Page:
So... who now? Van Petegem has clearly been aiming for this and must be watched. Boonen had a nasty crash this week, making his marginal favorite status even more so. The CSC boys are everywhere, but who is their designee, Jens Voigt? Julich? Discovery says they're featuring Hincapie and Devolder... see ya. I love Hincapie, and I'd never rule him out, but he's had a slow spring. Strange they don't mention Leif Hoste, second last year. Maybe they don't want to talk about how last year he and fellow Belgian Bruylandts marked each other out in the last km, leaving the road open to a German, Steffen Wesemann. Or maybe they are just keeping their own counsel.

Update: Ronde defending champ Steffen Wesemann bailed from Dreidaags this morning with a stomach problem.

So boys... who are you tipping in Meerbeke?

Monday, March 28, 2005

Peter Van P: Someone Else!

In the wake of Julich's run of success, Pete has this to offer:

Levi Leipheimer looked good too. It would be nice to see an American
other than Lance make the podium of a grand tour. My guess is that
Basso will be resting for the Tour. Armstrong might be vulnerable this
year. Since A) he's 33 now, B) he has broadened his scope a bit and
won't necessarily put all his eggs in the Tour and C) he hasn't found
any form yet and seems to be hampered by a lot of nagging illnesses.
Yes I know, A) 33 isn't old since Riis was 36 when he won his only
Tour. B) He has broadened his scope, but he knows exactly where he has to be
in July. And C) it's only March. At some point though it's over.
Indurain lost it after 5 in a row. Admittingly, Big Mig looked
vulnerable on number 5. He almost lost a TT to Riis. Not that big a
deal since he did win, but he used to win by 2-3 minutes over guys like
Rominger. When he rolled in about 15 seconds faster than Riis, the
entire Peleton knew he was ripe. Lance looked stronger last year than
any of his previous wins, but you never know...

Monday, March 21, 2005

The New Pats

Not sure I could possibly have any insight on Milan-San Remo, given all we get to see are highlights that air at 2:30 on Sunday afternoon here, not exactly TV time for this family of two exhausted adults and one hopelessly energetic toddler. But in the aftermath of a glorious, confirming victory by Alessandro Petacchi, I will state that he is the New England Patriots of present-day cycling. Seriously, he's been a huge winner for two seasons now, but the international (re. outside of Italy) reaction to him was always "sure, but...". He can't win a long race. He can't win in challenging conditions. He can't win a classic. All he can do is hope his teammates drag him to the line, and then put the hammer down in a mass sprint.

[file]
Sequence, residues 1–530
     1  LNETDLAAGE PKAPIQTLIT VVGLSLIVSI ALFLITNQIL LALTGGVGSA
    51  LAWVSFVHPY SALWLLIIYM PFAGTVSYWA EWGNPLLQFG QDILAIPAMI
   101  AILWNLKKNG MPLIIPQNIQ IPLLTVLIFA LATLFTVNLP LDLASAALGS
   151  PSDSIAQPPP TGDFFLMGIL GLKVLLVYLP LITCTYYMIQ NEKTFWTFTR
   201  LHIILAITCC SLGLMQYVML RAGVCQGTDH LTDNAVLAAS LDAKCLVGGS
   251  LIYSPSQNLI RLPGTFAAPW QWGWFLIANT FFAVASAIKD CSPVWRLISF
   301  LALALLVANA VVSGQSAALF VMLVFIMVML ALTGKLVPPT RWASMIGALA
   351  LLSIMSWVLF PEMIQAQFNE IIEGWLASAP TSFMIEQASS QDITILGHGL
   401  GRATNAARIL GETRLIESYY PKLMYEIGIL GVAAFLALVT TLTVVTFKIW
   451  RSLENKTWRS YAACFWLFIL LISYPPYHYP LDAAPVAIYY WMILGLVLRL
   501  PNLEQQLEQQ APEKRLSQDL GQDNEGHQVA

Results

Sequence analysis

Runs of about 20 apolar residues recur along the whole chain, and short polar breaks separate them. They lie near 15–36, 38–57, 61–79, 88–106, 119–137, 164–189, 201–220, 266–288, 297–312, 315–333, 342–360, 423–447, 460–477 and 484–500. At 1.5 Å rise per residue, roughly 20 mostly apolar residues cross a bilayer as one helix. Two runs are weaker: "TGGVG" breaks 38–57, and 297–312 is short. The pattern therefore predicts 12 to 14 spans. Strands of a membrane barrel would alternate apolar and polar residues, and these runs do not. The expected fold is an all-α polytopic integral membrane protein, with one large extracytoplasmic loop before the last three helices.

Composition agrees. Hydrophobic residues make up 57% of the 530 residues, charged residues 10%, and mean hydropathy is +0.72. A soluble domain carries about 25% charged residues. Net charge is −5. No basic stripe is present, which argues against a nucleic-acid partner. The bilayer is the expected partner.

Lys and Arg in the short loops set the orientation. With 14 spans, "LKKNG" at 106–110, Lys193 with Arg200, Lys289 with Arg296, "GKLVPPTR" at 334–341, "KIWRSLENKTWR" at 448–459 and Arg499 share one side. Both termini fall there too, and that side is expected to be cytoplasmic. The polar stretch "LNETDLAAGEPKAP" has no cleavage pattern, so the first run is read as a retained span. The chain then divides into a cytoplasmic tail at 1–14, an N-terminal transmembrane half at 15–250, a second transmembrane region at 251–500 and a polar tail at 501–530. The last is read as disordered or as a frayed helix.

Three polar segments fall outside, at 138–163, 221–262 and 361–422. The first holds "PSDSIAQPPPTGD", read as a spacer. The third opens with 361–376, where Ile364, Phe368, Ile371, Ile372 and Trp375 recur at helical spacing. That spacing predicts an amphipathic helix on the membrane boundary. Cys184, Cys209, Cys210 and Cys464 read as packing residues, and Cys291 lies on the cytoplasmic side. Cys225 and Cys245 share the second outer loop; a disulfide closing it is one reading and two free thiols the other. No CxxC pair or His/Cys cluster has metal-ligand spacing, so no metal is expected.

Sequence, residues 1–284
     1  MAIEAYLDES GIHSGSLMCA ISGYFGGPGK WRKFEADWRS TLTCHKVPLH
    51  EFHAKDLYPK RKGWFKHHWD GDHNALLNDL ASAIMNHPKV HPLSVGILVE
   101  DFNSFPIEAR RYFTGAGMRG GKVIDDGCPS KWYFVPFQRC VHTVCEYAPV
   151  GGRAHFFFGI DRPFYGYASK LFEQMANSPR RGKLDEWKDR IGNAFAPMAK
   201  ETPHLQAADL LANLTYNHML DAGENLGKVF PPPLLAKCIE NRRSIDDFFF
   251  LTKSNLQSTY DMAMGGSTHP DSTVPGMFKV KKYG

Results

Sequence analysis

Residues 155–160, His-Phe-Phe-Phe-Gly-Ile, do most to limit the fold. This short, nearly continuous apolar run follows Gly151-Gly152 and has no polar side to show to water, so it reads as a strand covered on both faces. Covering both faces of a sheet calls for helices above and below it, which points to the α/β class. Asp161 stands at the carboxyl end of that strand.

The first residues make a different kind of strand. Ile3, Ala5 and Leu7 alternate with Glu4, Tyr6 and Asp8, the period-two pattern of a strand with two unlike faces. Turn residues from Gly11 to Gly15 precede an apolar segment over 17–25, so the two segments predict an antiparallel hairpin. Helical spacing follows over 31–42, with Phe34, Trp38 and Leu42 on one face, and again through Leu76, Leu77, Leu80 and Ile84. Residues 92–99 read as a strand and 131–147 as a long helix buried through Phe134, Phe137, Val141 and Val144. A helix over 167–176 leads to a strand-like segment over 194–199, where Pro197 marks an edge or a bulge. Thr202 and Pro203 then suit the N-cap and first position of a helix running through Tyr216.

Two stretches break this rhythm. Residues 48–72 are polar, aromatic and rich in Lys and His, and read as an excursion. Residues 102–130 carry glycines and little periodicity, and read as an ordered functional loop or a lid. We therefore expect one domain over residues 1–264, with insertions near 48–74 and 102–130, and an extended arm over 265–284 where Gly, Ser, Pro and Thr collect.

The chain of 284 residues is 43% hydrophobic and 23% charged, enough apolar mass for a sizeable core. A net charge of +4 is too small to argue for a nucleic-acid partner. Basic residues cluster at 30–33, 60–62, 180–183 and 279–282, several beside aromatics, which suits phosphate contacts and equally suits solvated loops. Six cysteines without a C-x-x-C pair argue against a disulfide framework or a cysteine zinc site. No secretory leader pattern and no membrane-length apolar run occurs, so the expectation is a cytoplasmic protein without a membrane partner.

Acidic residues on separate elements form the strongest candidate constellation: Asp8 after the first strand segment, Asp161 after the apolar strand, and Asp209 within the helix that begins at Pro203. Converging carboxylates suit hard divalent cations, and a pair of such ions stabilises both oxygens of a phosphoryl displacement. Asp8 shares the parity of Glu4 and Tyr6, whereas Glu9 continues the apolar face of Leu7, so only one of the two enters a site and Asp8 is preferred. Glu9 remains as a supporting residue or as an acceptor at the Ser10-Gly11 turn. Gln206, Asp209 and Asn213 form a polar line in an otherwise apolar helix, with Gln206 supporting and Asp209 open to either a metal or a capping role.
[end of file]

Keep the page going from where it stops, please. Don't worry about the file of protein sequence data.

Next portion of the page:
Well, after taking Milan-San Remo in a sprint that has jaws scraping the pavement all over the cycling world, we must now admit: his success is not a fluke; he can win difficult races, against the cream of the pro tour peloton; and if there are no serious climbs that cause a mass selection, he has to be considered a favorite in any race where his team can hang with the others.

The only other observation from MSR, something that also rings of Patriot-ism, is that teamwork has come to the fore. I dunno, maybe this is nothing new, but it seems like there is a lot more discussion of teams hammering together, nullifying any individual advantages that might arise. In the tour it's been the Postal train. In MSR it was the Fassa train that dampened so many hopes. Nice job Azzurebiancos.